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MNI: IMF Sees Faster Fed Taper, Says Other CBs May Need to Act

MNI (Ottawa)

Fund cites broad-based inflationary pressures, tight labor markets

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The Federal Reserve should accelerate the tapering of asset purchases and its path to raising near-zero interest rates as a strong economy boosts core inflation, and other central banks facing similar pressures should follow a similar tightening, the IMF said Friday in one of its starkest warnings to date about the dangers of entrenched price gains.

"We see grounds for monetary policy in the United States—with gross domestic product close to pre-pandemic trends, tight labor markets, and now broad-based inflationary pressures—to place greater weight on inflation risks as compared to some other advanced economies including the euro area. It would be appropriate for the Federal Reserve to accelerate the taper of asset purchases and bring forward the path for policy rate increases," monetary and capital markets director Tobias Adrian and research director Gita Gopinath wrote in a blog post.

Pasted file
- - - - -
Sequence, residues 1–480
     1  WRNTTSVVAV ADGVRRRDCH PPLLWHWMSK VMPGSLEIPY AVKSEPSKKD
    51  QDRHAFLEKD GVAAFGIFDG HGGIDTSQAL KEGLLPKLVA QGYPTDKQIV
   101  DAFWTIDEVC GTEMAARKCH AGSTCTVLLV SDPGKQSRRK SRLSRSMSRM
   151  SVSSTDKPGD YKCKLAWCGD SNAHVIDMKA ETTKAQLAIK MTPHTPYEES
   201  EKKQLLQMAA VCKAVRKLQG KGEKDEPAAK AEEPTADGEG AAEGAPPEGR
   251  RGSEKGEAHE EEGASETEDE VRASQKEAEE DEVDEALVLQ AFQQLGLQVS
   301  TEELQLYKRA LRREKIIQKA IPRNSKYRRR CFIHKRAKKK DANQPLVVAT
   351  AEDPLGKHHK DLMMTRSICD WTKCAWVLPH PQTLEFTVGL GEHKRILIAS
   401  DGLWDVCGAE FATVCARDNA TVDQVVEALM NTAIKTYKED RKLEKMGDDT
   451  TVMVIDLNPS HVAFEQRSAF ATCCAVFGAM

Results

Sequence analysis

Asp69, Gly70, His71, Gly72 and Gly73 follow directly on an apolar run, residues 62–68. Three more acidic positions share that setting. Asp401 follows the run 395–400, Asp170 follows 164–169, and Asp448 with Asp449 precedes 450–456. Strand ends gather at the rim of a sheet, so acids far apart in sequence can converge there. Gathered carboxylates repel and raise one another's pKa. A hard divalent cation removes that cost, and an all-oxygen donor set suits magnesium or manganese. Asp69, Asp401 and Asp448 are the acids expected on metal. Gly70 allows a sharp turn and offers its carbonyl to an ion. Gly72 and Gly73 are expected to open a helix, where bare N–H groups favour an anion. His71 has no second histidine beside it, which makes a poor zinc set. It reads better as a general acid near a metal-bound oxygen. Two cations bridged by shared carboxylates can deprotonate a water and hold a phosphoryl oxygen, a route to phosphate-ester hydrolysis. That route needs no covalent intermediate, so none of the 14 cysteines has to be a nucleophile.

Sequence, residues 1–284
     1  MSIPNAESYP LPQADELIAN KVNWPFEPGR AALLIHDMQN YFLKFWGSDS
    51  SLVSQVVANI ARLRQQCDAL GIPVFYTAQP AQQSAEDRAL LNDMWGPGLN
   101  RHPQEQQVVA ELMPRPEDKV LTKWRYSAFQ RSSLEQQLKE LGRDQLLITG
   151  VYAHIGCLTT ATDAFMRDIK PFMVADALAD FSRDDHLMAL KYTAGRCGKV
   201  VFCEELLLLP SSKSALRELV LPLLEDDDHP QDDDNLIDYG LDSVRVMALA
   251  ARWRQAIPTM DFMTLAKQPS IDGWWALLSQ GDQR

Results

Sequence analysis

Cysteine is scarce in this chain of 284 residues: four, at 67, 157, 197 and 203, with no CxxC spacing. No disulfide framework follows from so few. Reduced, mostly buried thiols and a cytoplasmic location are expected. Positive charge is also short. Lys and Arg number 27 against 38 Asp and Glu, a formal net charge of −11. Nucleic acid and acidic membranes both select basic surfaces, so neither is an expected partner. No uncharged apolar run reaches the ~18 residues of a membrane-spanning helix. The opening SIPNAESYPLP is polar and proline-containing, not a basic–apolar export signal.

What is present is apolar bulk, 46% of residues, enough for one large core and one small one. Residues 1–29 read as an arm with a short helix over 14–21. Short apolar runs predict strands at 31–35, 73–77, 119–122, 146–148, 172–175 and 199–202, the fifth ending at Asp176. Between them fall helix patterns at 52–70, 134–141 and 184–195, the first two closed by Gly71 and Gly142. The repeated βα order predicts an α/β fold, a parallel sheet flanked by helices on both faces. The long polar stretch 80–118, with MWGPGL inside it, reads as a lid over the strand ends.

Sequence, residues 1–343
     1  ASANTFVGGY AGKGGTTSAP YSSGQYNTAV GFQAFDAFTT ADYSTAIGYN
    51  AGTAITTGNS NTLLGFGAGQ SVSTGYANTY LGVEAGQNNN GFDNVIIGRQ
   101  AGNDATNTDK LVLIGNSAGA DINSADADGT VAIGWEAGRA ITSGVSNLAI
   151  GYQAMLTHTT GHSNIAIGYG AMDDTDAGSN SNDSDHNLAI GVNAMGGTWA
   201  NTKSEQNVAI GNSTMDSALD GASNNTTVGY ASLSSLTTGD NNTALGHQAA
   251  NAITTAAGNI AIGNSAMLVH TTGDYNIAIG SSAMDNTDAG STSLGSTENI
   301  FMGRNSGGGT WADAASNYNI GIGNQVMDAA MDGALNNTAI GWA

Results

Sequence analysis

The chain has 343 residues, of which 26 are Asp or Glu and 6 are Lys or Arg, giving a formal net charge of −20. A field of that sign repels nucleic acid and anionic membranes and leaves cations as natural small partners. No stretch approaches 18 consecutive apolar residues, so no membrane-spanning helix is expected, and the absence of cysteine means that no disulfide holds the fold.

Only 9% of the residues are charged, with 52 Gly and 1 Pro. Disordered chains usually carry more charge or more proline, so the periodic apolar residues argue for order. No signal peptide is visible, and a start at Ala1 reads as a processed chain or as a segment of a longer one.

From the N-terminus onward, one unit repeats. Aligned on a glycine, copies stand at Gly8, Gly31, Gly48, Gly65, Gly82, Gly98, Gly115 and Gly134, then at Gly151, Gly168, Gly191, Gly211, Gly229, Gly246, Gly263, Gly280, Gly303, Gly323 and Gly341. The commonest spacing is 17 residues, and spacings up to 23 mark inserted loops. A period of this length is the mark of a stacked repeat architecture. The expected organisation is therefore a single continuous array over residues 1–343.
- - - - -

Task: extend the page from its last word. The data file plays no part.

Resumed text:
"Over time, if inflationary pressures were to become broad-based in other countries, more may need to tighten earlier than currently expected," they wrote. "It is essential for major central banks to carefully communicate their policy actions so as not to trigger a market panic that would have deleterious effects not just at home but also abroad, especially on highly leveraged emerging and developing economies."

Rising food and energy costs "may continue to add to inflation in 2022," they wrote. Inflation expectations so far remain close to target in most economies. Core inflation has been boosted by expansionary policy, consumer spending patterns altered by the pandemic, supply chain disruptions and there are signs of new wage pressures.

"Risks of a further acceleration of inflation previously flagged in our global publications and country-specific reports are materializing, with supply disruptions and elevated demand lasting longer than expected. Inflation is likely to be higher for longer than previously thought," they wrote.

"While we still anticipate that supply-demand imbalances will wane next year, a singular focus of monetary policy on supporting recovery may well fuel substantial and persistent inflationary pressures, with some risk of de-anchoring inflation expectations."